For Americans in this year that follows the infamy of September 11th, no reminder of their cherished freedoms was necessary. But for those in the capacity crowd at the Cynthia Woods Mitchell Pavilion on the eve of Independence Day, The Houston Symphony provided a very rich reminder indeed. It was the annual “Star-Spangled Salute,” but one could sense that this audience understood the value of American liberties better than any that had preceded it.
Dressed in black-tie and crisp white dinner jacket, popular HSO conductor, Michael Krajewski, was on the podium. The symphonic smorgasbord began with a spirited “Fanfare” and rousing “Star Spangled Banner.” I have never heard an audience join with more enthusiasm in singing the National Anthem. The wave of orchestral patriotism continued with Bagley’s “National Emblem March.”
Then came the musical imagery of Grofé’s “On the Trail” from his Grand Canyon Suite. Concert Master, Eric Halen, supplied the superb opening solo moments on violin. With help from the orchestra’s fine percussion section, we can easily visualize the gently loping donkey that scales the canyon walls. I find myself thinking of my adventurous sister, Jeanne, who rode that donkey trail to the canyon floor many years ago.
The musical brilliance continued with the jazzy “Times Square” segment from Leonard Bernstein’s musical, On The Town. The pounding and thrilling conclusion made me wonder if Stravinsky’s “Rite of Spring” had influenced Bernstein.This performance contained all the high energy that seemed lacking in the disappointing Broadway revival I saw several years ago in New York.
A celebration of the late Richard Rodgers’ 100th birthday began with selections from “Oklahoma!” There was the majestic sweep of “Oh What a Beautiful Morning,” the merriment of “The Farmer and the Cowman Should Be Friends,” the delicate trot of “The Surrey with the Fringe on Top,” the warm embrace of “People Will Say We’re in Love,” and a robust rendition of the title song that sent audience hand-clappers into a frenzy.
Next the audience was treated to the mellow and powerful tenor voice of handsome Broadway performer, Hugh Panaro, as he sang two more Rodgers classics. He brought rich musical phrasing to “Younger Than Springtime,” and incredible musical range, breath control, and soaring high notes to the vocally challenging “Climb Every Mountain.” It was a thrilling performance, and was followed by still more Americana with a Wendel arrangement of “From Sea to Shining Sea,” that took the audience on a virtual tour of the nation from “San Francisco” to “New York, New York.” The latter song sent a shiver through this native New Yorker as I thought of the city’s triumph through this past year of greatest challenge.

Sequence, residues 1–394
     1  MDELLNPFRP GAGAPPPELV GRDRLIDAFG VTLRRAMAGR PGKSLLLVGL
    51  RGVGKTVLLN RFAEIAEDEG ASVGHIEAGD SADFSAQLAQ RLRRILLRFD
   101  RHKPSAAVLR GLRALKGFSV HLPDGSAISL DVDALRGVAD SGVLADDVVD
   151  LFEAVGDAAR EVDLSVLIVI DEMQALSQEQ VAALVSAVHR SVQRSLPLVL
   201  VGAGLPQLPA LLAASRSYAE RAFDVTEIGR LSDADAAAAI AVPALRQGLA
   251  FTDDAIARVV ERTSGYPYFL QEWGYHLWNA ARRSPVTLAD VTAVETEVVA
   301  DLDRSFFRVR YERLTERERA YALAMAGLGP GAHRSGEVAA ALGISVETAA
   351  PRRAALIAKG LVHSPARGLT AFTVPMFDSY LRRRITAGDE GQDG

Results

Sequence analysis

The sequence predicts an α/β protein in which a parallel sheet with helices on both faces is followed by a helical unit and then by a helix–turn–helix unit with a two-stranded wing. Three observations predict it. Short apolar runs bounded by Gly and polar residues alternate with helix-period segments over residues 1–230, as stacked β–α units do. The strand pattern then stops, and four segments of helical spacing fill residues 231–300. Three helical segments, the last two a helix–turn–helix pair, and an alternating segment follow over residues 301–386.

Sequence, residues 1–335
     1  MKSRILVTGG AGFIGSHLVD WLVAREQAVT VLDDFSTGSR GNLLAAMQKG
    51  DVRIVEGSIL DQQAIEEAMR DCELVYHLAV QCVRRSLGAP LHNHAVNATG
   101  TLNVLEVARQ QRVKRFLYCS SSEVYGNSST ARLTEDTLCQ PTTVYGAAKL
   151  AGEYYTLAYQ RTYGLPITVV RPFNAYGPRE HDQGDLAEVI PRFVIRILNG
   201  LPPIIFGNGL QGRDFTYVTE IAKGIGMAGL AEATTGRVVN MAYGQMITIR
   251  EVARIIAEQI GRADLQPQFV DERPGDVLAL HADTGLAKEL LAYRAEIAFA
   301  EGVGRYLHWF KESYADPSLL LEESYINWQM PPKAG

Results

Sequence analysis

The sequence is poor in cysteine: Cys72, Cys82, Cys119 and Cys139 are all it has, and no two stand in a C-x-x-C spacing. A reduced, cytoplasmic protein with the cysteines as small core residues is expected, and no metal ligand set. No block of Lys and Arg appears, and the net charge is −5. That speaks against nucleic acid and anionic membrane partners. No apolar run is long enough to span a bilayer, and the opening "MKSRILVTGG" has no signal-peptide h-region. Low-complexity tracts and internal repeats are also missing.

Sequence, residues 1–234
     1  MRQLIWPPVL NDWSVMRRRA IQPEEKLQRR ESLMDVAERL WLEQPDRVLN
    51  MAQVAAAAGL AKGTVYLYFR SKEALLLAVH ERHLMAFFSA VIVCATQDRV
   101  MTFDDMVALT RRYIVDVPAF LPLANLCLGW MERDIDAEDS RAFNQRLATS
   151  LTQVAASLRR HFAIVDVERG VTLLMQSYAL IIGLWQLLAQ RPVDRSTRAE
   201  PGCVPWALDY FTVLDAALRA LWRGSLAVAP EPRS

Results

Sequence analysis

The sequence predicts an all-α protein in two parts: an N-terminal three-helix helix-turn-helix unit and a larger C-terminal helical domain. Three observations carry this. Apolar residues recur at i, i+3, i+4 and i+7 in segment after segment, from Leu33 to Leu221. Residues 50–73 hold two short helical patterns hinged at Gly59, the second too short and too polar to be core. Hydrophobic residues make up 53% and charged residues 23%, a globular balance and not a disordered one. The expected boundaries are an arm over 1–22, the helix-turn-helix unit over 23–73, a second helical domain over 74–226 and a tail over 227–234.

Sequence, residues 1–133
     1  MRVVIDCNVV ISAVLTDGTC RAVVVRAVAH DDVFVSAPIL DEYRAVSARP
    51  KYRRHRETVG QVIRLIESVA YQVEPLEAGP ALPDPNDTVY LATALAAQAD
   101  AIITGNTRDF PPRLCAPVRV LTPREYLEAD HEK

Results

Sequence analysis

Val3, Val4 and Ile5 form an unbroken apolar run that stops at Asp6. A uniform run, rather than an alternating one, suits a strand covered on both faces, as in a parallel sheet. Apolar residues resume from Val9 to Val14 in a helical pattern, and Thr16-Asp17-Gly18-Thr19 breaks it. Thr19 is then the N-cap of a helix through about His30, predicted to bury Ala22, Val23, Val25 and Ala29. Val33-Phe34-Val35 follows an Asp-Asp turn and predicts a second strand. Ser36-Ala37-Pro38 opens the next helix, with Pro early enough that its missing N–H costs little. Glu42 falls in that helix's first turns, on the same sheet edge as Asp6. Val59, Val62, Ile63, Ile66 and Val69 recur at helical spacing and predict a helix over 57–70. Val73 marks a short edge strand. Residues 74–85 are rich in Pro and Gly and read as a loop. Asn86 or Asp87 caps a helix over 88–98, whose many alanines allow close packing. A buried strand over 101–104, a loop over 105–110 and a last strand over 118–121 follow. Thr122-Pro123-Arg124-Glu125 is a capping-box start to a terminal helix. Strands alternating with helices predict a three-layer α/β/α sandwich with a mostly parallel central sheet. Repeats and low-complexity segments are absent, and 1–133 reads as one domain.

Following intermission there were two sparkling Prechel arrangements. The first was “My Country.” The second was a film tribute titled “Westward Ho,” and featured the thrilling theme from “How the West Was Won,” the tender sweetness of the “High Noon” theme, and the resounding and pulsing theme from “The Magnificent Seven,” with its vivid images of western wide open spaces. After the orchestra continued with “The Yellow Rose of Texas,” maestro Krajewski proudly declared, “You’re never gonna hear it played any better than by the Houston Symphony!” I won’t try to improve on that “review!”
A program highlight each year is the “Service Medley,” during which each of the U.S. military themes is played while corresponding servicemen and women in the audience (both past and present) stand to the appreciative applause of the crowd. Again, this was a moment that seemed to have special meaning this year. Also of note, when the U.S. Army theme was played, Woodlands founder, George Mitchell, was among the proud soldiers to stand for recognition.
Mr. Panaro returned to the stage in a sharp western shirt, with Texas flag design, and gave a stunning performance of Lee Greenwood’s classic, “God Bless the U.S.A.” The audience roared approval and was rewarded with the traditional finale of Tchaikovsky’s “1812 Overture,” including cannon fire from the hilltop.
If things in America are not just the same after that grim morning last September, one thing was clear on this beautiful night in a free nation:
The Best of America was still intact, and a people of freedom seemed more appreciative than ever of the value of liberty. When the “Stars and Stripes Forever” encore was played, many of us realized that “forever” only comes at the price of great courage from our nation’s heroes.
(The Courier 7.7.02)
(The Villager 7.11.02)